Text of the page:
Pre-seed companies may want to opt for an incubator instead. Incubators are better suited to catering to such a young company’s needs, which include discovering and on-boarding customer leads, and validating the product.

Founding team and experience

In a somewhat dated blog post, Y Combinator Co-Founder Paul Graham wrote that having a single founder is the number one mistake of starting a company. While there is some evidence to suggest that this is incorrect, and that solo founders may be just as successful as multiple founders, the founding team is still a major consideration for accelerators and can affect how a startup is evaluated.

For instance, solopreneurs can apply for and receive funding through Y Combinator. However, the program strongly recommends the presence of two or more founders, on account of the challenges of building a company from scratch.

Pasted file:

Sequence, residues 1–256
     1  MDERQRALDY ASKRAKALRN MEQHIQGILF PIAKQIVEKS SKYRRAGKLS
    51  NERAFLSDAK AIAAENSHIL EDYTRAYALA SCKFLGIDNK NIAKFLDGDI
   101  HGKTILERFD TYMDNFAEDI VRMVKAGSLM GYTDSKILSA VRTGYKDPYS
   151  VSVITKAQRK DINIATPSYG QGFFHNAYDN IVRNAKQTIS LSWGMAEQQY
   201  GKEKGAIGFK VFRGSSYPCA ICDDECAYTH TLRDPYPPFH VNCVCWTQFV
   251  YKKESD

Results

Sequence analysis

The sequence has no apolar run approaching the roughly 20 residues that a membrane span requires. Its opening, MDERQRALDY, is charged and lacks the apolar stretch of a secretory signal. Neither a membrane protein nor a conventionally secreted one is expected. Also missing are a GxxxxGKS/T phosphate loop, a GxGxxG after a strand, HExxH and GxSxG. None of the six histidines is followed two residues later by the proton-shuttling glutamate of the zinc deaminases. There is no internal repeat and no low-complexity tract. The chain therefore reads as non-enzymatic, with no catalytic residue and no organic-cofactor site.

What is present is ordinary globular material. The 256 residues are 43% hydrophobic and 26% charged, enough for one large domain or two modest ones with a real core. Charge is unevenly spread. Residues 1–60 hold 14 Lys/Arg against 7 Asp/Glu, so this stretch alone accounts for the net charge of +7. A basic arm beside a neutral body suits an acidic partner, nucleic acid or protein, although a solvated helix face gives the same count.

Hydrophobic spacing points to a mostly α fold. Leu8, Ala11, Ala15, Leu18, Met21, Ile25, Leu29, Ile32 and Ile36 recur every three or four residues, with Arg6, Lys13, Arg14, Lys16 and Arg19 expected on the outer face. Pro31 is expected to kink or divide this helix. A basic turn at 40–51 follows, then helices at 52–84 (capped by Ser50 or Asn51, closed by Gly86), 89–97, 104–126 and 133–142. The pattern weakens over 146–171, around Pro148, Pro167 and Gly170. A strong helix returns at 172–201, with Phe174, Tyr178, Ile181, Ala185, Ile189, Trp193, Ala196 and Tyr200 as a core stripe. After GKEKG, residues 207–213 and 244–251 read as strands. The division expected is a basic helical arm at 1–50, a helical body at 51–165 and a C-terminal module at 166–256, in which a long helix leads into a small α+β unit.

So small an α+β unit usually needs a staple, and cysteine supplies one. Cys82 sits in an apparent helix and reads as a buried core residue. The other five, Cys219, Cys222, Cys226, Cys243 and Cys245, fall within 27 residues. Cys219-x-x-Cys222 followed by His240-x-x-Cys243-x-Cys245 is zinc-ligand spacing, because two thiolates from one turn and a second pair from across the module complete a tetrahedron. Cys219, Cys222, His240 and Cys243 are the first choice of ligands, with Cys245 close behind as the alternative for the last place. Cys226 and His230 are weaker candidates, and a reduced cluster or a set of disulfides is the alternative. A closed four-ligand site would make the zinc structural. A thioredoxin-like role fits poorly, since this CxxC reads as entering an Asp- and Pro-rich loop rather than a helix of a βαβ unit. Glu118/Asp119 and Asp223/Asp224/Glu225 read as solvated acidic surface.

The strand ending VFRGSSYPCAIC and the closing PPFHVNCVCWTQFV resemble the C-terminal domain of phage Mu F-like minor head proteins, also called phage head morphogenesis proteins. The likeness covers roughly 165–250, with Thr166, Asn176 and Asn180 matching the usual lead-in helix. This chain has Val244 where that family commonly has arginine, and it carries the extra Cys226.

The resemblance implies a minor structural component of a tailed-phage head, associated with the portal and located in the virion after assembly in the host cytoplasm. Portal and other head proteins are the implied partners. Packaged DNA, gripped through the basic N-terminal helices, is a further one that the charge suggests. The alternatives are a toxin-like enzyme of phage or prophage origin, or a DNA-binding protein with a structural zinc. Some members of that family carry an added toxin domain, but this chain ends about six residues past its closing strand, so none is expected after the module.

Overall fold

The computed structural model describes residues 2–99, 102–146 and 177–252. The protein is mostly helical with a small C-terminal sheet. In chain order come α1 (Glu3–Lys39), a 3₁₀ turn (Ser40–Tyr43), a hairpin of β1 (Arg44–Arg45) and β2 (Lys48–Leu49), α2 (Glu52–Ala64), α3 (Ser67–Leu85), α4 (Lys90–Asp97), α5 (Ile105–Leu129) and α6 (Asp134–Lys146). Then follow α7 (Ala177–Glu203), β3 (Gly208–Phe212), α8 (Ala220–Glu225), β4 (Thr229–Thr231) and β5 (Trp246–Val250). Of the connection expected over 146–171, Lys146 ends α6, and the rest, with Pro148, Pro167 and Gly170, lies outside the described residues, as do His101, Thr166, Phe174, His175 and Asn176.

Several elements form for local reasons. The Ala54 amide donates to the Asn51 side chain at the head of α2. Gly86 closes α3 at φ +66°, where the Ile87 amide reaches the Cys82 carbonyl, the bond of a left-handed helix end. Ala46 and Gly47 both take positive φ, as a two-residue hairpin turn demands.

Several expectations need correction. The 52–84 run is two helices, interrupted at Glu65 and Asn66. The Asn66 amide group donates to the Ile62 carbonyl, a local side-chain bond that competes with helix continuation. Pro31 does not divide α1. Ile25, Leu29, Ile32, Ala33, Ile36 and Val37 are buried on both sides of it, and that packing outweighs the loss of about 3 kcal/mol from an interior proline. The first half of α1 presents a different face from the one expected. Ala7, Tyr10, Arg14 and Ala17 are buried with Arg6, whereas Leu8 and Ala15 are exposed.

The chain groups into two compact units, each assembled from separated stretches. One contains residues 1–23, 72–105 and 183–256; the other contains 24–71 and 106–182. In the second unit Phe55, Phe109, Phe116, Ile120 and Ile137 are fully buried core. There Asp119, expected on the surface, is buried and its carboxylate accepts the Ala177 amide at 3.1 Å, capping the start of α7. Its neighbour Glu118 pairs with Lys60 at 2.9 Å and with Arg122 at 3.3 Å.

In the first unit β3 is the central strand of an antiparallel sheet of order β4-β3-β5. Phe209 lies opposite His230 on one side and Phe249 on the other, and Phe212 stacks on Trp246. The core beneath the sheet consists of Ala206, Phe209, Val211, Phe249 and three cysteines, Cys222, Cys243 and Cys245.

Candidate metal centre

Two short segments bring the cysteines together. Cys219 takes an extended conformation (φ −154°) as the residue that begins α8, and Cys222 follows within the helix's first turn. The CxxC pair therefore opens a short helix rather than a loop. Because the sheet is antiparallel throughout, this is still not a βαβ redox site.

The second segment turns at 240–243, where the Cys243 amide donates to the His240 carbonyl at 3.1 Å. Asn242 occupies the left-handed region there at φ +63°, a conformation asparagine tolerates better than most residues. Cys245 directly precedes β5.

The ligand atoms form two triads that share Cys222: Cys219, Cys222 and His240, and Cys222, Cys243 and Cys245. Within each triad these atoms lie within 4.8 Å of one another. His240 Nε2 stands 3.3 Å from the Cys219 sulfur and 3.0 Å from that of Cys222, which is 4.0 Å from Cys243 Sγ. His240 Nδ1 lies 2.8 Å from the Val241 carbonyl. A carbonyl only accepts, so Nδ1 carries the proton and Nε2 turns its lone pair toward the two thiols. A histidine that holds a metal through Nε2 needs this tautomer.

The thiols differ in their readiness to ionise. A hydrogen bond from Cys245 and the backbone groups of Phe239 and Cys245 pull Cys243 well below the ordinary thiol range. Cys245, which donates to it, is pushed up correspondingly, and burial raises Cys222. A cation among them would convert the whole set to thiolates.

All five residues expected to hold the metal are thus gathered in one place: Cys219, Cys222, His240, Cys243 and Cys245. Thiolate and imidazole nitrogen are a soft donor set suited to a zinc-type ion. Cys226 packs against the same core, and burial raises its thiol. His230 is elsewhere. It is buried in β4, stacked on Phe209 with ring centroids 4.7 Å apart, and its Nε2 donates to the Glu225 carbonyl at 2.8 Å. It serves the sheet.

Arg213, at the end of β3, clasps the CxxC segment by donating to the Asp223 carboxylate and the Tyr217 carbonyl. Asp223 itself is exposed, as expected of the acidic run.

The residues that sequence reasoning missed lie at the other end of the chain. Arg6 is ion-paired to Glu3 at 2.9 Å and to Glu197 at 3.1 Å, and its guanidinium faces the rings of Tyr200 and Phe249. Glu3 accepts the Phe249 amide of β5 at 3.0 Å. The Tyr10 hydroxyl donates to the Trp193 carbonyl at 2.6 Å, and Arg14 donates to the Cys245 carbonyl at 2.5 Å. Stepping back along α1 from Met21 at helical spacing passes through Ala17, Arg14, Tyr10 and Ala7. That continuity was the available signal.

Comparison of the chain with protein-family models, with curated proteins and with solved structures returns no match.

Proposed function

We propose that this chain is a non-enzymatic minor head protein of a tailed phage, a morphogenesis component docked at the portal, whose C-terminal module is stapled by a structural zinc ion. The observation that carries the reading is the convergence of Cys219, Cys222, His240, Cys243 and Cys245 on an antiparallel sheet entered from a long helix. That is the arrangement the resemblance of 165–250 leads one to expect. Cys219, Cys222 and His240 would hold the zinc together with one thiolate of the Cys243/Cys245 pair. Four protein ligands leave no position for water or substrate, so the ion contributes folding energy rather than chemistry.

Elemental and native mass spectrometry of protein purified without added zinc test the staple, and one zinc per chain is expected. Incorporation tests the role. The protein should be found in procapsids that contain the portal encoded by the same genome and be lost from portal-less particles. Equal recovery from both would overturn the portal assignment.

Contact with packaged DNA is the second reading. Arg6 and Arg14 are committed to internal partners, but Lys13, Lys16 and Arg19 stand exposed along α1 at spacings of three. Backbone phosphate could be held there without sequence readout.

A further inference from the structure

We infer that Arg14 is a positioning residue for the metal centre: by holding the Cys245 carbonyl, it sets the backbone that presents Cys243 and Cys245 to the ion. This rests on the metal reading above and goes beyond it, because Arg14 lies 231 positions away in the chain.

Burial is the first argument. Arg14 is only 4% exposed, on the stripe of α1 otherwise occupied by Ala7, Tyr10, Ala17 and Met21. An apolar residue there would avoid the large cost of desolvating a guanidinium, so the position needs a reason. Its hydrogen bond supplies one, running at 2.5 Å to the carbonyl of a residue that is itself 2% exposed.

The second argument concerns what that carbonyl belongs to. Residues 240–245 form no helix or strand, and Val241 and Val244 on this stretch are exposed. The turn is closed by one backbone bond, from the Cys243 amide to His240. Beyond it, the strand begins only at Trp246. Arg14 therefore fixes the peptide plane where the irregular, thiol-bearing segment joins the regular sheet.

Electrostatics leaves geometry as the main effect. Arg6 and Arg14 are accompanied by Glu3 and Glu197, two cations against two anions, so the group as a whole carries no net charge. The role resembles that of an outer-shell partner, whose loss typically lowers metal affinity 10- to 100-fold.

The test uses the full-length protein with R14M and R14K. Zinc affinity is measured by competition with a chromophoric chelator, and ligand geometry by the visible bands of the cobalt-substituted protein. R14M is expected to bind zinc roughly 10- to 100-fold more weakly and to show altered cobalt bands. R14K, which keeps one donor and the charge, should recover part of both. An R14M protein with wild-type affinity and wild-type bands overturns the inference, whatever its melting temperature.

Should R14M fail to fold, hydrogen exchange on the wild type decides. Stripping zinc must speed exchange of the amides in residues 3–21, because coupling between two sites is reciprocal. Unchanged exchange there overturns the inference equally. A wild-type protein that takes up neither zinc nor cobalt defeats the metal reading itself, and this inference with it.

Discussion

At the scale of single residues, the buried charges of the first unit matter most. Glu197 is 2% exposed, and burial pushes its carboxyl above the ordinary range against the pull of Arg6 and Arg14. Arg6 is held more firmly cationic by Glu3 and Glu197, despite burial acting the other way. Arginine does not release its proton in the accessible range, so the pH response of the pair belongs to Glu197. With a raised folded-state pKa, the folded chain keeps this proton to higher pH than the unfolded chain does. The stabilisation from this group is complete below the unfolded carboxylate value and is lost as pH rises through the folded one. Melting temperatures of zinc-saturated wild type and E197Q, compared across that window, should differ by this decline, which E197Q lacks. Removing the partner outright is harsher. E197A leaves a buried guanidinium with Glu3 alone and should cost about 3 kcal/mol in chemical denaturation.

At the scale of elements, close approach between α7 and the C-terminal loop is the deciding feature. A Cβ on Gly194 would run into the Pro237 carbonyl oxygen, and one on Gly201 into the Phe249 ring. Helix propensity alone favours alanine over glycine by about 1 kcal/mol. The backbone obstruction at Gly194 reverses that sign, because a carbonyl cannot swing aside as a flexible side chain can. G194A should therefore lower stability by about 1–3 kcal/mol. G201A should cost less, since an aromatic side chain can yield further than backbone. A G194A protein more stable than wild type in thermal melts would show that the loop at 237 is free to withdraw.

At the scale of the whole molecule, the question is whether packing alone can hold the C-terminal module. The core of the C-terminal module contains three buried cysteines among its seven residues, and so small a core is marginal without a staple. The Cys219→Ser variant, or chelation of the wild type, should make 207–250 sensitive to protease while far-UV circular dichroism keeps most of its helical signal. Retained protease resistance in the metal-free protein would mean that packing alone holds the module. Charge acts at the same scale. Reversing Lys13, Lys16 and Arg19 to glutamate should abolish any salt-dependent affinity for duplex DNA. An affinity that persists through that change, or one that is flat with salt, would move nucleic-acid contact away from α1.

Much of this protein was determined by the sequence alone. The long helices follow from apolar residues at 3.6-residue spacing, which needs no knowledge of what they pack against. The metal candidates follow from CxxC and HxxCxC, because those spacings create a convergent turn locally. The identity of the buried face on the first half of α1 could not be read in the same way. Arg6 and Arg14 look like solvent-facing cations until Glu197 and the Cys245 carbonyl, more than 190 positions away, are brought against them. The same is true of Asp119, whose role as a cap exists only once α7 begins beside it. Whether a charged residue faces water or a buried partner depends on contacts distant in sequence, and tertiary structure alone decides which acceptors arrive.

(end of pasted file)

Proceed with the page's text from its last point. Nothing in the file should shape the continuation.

The primary downside for founders who prefer to fly alone is a reduction in autonomy. Yet, entrepreneurship is a testing endeavor, and more so for a single founder who must execute the roles of CEO, COO and CTO all at once. The opportunity cost of a conflict-free leadership position is that founders routinely go through burnout, and their mental health may suffer for it.

Further, a founder may not necessarily have the right skill set to carry out all the management functions – for example, having a technical person on board the founding team can show an accelerator program that the startup can build the technology and hardware that it envisions.

Founders who have prior experience with running or building startups also come off looking like surer bets to many judging committees. Previous experiences dealing with equity negotiations will also work to their benefit when engaging with an accelerator that invests in its teams.

No one factor can determine whether a startup will definitely be accepted into an accelerator program, but meeting all or most of the above criteria can show whether a startup’s leadership is a good fit for the program.


While larger accelerators such as RISE, Y Combinator, 500 Startups and Techstars focus on a broad spectrum of technology, many smaller, niche players often focus on one specific kind of innovation such as AI or sustainability, and for a specific industry, such as retail tech or fashion.